On July 24, 1777 Boston merchant Thomas Boylston got what was coming to him. Or at least that’s probably how it was understood by the one hundred or more women who attacked him on King Street. Boston, like most cities around this time in the burgeoning nation, was experiencing a series of food shortages. Both the British and Continental armies frequently requisitioned food and livestock and a lot of women had been left scrambling on their own to manage families, homes, farms, and businesses while their husbands were off fighting a war.
Like there are in most good crises, there were those who saw advantage in the struggle. Boylston, who was a cousin to John Adams, was generally thought to be a patriot, and who seriously underestimated the wrath of a whole horde of caffeine-deficient women, decided to hoard coffee in order to drive up the price.
Now, I am not a coffee drinker, but I know a lot of coffee drinkers. Some I might even call obsessive, a category that might even include you. I know it includes the people who make it difficult every single day for me to drive down the access road behind the main Starbucks in my town. I say “main” because we do have more than one. They’re both busy. Always.
I mean like winding drive-through line that spills ten cars deep out of the Starbucks parking lot and into the road that I innocently attempt to drive down in order to make my way from one place where I don’t buy coffee to another place where I don’t buy coffee kind of busy. This line, I assume, is filled with people who might have joined in with the women of Boston that marched to Boylston’s business, demanded his keys, and when he refused, seized him by the neck, forced him into a cart and, according to some accounts, spanked him until he complied. He eventually did. The mob then carried off all the coffee and left Boylston contemplating the fact that he’d been beaten up by a bunch of girls. One farmer justified the mob actions by saying, “This is the very same oppression that we complain of Great Britain!”
While that may be a slight oversimplification of the causes of the Revolutionary War, short supplies can make people do crazy things, like hoard twelve years-worth of toilet paper next to the Christmas decorations and model train sets in their basements. Fortunately, there doesn’t seem to be a desperate shortage of coffee right now. Or at least there wasn’t before National Coffee Day yesterday.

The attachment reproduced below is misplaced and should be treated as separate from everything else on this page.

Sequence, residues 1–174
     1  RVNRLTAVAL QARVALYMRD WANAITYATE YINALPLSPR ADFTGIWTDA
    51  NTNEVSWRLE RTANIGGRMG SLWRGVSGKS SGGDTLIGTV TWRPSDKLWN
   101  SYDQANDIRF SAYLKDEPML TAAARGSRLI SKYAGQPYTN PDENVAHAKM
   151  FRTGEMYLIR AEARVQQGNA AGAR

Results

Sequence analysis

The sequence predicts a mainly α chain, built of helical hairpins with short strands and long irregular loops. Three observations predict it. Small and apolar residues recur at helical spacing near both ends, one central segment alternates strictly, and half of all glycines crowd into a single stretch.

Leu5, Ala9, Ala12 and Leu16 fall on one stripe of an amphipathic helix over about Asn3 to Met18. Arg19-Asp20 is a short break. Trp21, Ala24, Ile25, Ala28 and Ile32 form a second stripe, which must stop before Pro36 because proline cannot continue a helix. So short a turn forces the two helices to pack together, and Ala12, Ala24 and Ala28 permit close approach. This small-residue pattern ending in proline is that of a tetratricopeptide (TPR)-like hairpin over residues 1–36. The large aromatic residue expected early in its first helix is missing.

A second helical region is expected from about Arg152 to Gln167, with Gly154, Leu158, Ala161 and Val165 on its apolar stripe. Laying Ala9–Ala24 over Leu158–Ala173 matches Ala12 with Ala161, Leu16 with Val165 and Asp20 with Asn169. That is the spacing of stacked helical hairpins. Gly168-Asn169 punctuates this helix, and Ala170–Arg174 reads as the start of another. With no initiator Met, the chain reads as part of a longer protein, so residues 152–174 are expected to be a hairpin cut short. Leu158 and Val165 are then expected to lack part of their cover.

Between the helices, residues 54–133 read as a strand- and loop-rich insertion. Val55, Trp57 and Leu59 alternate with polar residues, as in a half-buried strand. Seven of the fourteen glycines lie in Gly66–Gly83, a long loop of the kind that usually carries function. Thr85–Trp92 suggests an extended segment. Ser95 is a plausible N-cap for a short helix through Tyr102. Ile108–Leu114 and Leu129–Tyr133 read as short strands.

To celebrate the day, Starbucks offered a free cup of coffee to any customer who came by with their favorite mug. No need even to spank the barista. The offer was limited to one cup per customer per store, but since there are approximately forty-seven Starbucks stores within an hour of my house, and probably yours, too, coffee drinkers could have kept busy picking up free coffee all day long. Judging by the line spilling out of the parking lot, most of you did.
15 thoughts on “A Horde of Under-caffeinated Hoarders”
Nice – isn’t there a road or area of Boston called Boylston? How did that ‘honour’ occur?
I’m not entirely sure. Boylstons were a prominent family, connected to John Adams. I assume the good they did must have outweighed the coffee misjudgment.
Rich white men – see if you can find a woman’s name on anything from previous centuries.
Horde or Hoard or Herd … made me smile. I used to drink coffee, now don’t, but have memories of trying to find coffee anywhere, somewhere, while in China, meant that I blessed Starbucks and even MacDonalds.
I love coffee but I have never spanked anyone for it.
Not sure you can really call yourself a coffee drinker, then. 😉
I wondered where you stored your toilet paper… I never heard of this incident before even though I studied in Boston! Most interesting!
Wait, no, I was talking about all those OTHER people who have hoarded toilet paper stuffed away in their basements. I keep mine locked up in an undisclosed bank vault. Just in case.
I do hope it’s a Swiss Bank.
I drink rather a lot of coffee. Other households were frantically bulk-buying toilet paper ahead of Covid lockdowns. My household? Coffee. That said, I wouldn’t drink coffee from Starbucks even if it was free – it’s not to my taste. Though I did once go to Starbucks in Paris because, well, Paris.
I think it was at Starbucks I made the realization that I would never really be a coffee drinker. I decided that if I had to add so much cream and sugar that it was really more of a milkshake, then perhaps I just didn’t like the taste. Weirdly, I do love the smell of coffee. I think that’s because it reminds me of my childhood. My dad is a coffee drinker and the smell always makes me think of him.
47! When I started at Starbucks there twice that many-in the whole country…fun read. Thanks!
47 might be a tad bit hyperbolic, but it definitely feels like it.